ir.gif

Five Better Movies With Paul Rudd

Posted on August 26, 2011 at 12:18 pm

Our Idiot Brother is a disappointment, but Paul Rudd is always a pleasure.  Here are some better choices for those who miss that Rudd-alicious feeling:

1. How Do You Know  This was a massive box office flop, but it is now on cable and definitely worth a look for some very choice moments, especially Rudd’s performance as a good guy caught up in securities fraud and an even deeper moral dilemma.  Watch him as he recognizes the baseball player he shared an awful date with on an elevator, a social smile on his mouth and anguish in his eyes.

2. I Could Never Be Your Woman This is a terrific movie that got caught in the unrelated vortex of a financial collapse and never got the attention it deserves.  Michelle Pfeiffer is a single mom who produces a silly but popular sitcom and Rudd is the young actor who makes her fall in love in spite of herself.

3. The Object Of My Affection Rudd plays Paul, a gay teacher who moves in with a single woman he has just met (Jennifer Aniston) after a bad break-up.  The two of them quickly become close friends and then realize that they cannot hide out with each other forever.  Both Rudd and Aniston deliver their best in this bittersweet love story.

http://www.youtube.com/watch?v=c_lNnxTPB9A

4. Clueless This bubbly delight, inspired by Jane Austen’s “Emma,” has Rudd as the (brief) former step-brother and love interest for Alicia Silverstone’s Cher.

5.  I Love You, Man In the midst of a raunchy bro-mance, Rudd is sensational as a guy who is a wonderful, devoted boyfriend but hasn’t quite figured out the trick of guy friendships until he meets Sydney (Jason Segal).  Just watch Rudd try to come up with some guy-talk and end up stumbling with “totes magotes.”

 

Related Tags:

 

Actors Lists

I Could Never Be Your Woman

Posted on April 15, 2009 at 6:29 pm

Usually when a movie has a limited release with no ad support it means that test audiences hated it and the studio has decided to cut their losses. But once in a while it has nothing whatsoever to do with the quality of the film and that is the case with I Could Never Be Your Woman. The title is awful, but the script and cast are great and the movie is a quiet gem.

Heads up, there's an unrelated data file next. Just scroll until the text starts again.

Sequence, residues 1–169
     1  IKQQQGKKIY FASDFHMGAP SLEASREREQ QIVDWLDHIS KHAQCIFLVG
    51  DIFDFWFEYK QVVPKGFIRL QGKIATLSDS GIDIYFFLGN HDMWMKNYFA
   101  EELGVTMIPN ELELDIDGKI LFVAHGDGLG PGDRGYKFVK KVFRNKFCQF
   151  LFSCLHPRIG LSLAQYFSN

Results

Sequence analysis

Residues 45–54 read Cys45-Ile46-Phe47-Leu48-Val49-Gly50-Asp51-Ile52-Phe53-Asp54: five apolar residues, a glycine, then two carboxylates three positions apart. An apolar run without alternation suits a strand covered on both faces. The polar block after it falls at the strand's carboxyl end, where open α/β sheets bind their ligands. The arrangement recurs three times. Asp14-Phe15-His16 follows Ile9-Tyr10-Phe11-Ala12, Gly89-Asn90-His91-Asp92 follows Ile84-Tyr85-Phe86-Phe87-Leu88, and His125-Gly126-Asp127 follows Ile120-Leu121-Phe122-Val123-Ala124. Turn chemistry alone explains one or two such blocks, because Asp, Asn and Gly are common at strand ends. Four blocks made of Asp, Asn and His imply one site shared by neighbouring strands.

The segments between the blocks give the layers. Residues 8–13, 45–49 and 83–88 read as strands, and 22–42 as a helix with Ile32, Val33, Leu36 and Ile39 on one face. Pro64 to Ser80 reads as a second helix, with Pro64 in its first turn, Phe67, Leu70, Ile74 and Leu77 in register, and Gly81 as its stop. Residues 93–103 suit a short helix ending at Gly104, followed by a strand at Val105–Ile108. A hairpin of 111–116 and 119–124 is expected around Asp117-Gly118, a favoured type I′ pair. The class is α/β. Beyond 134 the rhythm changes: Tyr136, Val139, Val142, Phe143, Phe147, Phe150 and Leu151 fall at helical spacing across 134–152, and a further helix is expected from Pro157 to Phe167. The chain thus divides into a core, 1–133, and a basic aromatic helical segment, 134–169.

Michelle Pfeiffer plays Rosie, a television studio executive responsible for a sitcom called “You Go, Girl!” with a demanding star. The show’s appeal is fading and its cast has outgrown their roles — though they are still playing teenagers, most of them are married with children. In order to refresh the show and broaden its appeal, Rosie adds a new cast member, Adam (Paul Rudd), an appealing and talented young actor. He is interested in her but she is reluctant to respond because he is younger than she is and because she is still protective of her feelings following her divorce. Rosie’s relationship with Adam is endearing and appealing, but in every way the heart of the story is Rosie’s relationship with her middle-school-age daughter Izzie (Saoirse Ronan, the young girl who was nominated for an Oscar in “Atonement”). Rosie counsels Izzie about life in general and a boy in school in particular and the tenderness and understanding of that relationship is beautifully conveyed.

But it never got any support from the studio. Even the trailer doesn’t do justice to the film. It looks sit-com-y.

The movie got caught in completely unrelated financial problems at its studio and never got a real chance in theaters. I am hoping that Rudd’s recent success will inspire audiences to seek out this film. It is uneven (though I love Tracy Ullman, I would have cut her scenes as Mother Nature). But it has a deft script, smooth direction from Amy Heckerling (“Clueless”), world-class performances, and a real feeling for the mother-daughter relationship. And Pfeiffer is an extraordinary actress. This film really gives her a chance to shine as a professional, a mother, an ex-wife, and a woman who is surprised and delighted to find out that she can still be surprised and delighted. Audiences will find themselves surprised and delighted, too.

Related Tags:

 

After the kids go to bed For Your Netflix Queue Neglected gem
THE MOVIE MOM® is a registered trademark of Nell Minow. Use of the mark without express consent from Nell Minow constitutes trademark infringement and unfair competition in violation of federal and state laws. All material © Nell Minow 1995-2024, all rights reserved, and no use or republication is permitted without explicit permission. This site hosts Nell Minow’s Movie Mom® archive, with material that originally appeared on Yahoo! Movies, Beliefnet, and other sources. Much of her new material can be found at Rogerebert.com, Huffington Post, and WheretoWatch. Her books include The Movie Mom’s Guide to Family Movies and 101 Must-See Movie Moments, and she can be heard each week on radio stations across the country.

Website Designed by Max LaZebnik